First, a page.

BOWIE, Md. (Sept. 6, 2011)—The Tire Industry Association is “very disappointed” with the World Trade Organization's reaffirmation of a December 2010 decision upholding the U.S. decision to levy three years of high tariffs against passenger and light truck tire imports from China.
“The timing is perfect for President Obama, because he can call the tariffs a job-creating measure, but we don't see it that way,” said Roy Littlefield, TIA executive vice president.
“We just think it's not creating any new jobs in America,” Littlefield said. “It's had a negative impact on everything from importers to suppliers to dealers to consumers.”
The Obama administration levied the tariffs in September 2009, under Section 421 of the Trade Act, in response to a petition from the United Steelworkers union and after an investigation by the International Trade Commission and the Office of the U.S. Trade Representative.
The tariffs were set at 39 percent for the first year and 34 percent for the second. Starting this month, the tariffs are set at 29 percent before reverting to the traditional 4 percent in September 2012.
A panel of the WTO Dispute Settlement Body ruled in December that the U.S. did not violate international tariff and trade rules when it established the tariffs. China appealed that decision in May 2011, but on Sept. 5 the Appellate Body of the Dispute Settlement Body upheld the earlier ruling.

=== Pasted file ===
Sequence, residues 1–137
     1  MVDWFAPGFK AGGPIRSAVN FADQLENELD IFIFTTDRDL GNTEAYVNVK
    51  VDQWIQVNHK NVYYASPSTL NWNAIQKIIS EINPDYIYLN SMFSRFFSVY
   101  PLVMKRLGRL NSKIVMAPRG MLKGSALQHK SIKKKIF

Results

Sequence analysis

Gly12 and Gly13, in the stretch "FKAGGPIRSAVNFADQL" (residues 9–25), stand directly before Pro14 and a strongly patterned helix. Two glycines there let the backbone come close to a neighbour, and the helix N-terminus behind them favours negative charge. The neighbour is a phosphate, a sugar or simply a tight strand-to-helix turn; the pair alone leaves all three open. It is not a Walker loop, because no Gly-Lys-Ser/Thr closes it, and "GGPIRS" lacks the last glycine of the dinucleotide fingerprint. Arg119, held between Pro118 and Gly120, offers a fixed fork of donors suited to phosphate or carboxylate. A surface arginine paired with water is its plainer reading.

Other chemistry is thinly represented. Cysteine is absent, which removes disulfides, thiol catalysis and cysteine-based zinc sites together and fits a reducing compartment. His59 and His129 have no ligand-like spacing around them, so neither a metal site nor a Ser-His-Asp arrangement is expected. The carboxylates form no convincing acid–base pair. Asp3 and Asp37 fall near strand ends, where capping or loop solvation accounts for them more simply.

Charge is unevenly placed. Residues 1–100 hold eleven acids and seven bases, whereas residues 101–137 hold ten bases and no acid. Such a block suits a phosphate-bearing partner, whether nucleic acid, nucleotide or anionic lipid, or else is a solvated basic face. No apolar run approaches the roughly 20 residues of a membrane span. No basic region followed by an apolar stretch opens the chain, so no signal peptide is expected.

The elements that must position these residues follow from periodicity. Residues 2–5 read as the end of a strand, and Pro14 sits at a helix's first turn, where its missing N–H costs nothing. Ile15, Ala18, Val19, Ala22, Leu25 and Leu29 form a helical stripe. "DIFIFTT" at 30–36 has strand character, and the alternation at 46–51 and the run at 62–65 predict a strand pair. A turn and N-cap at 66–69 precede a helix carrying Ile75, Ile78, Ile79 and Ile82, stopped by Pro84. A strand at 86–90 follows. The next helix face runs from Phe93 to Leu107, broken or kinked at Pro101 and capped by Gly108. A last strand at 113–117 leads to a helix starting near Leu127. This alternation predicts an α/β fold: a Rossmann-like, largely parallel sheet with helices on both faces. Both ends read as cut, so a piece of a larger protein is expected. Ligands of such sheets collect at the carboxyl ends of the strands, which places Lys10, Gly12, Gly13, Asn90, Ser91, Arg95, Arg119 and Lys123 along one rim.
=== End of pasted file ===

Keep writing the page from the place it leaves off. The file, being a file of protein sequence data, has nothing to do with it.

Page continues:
The panel, the Appellate Body ruled, did not err when it found the ITC accurately assessed the state of competition in the U.S. tire market and properly evaluated the effect of Chinese tire imports as compared with imports from other countries, among other things.
U.S. Trade Representative Ron Kirk called the WTO decision “a tremendous victory” for U.S. manufacturers and workers. USW International President Leo W. Gerard, contradicting TIA, said the tariffs are having their intended effect of increasing investments in U.S. tire manufacturing and creating U.S. tire manufacturing jobs.
The China Rubber Industry Association, however, called the ruling unfair and said the tariffs have only served to allow increased tire imports from countries other than China.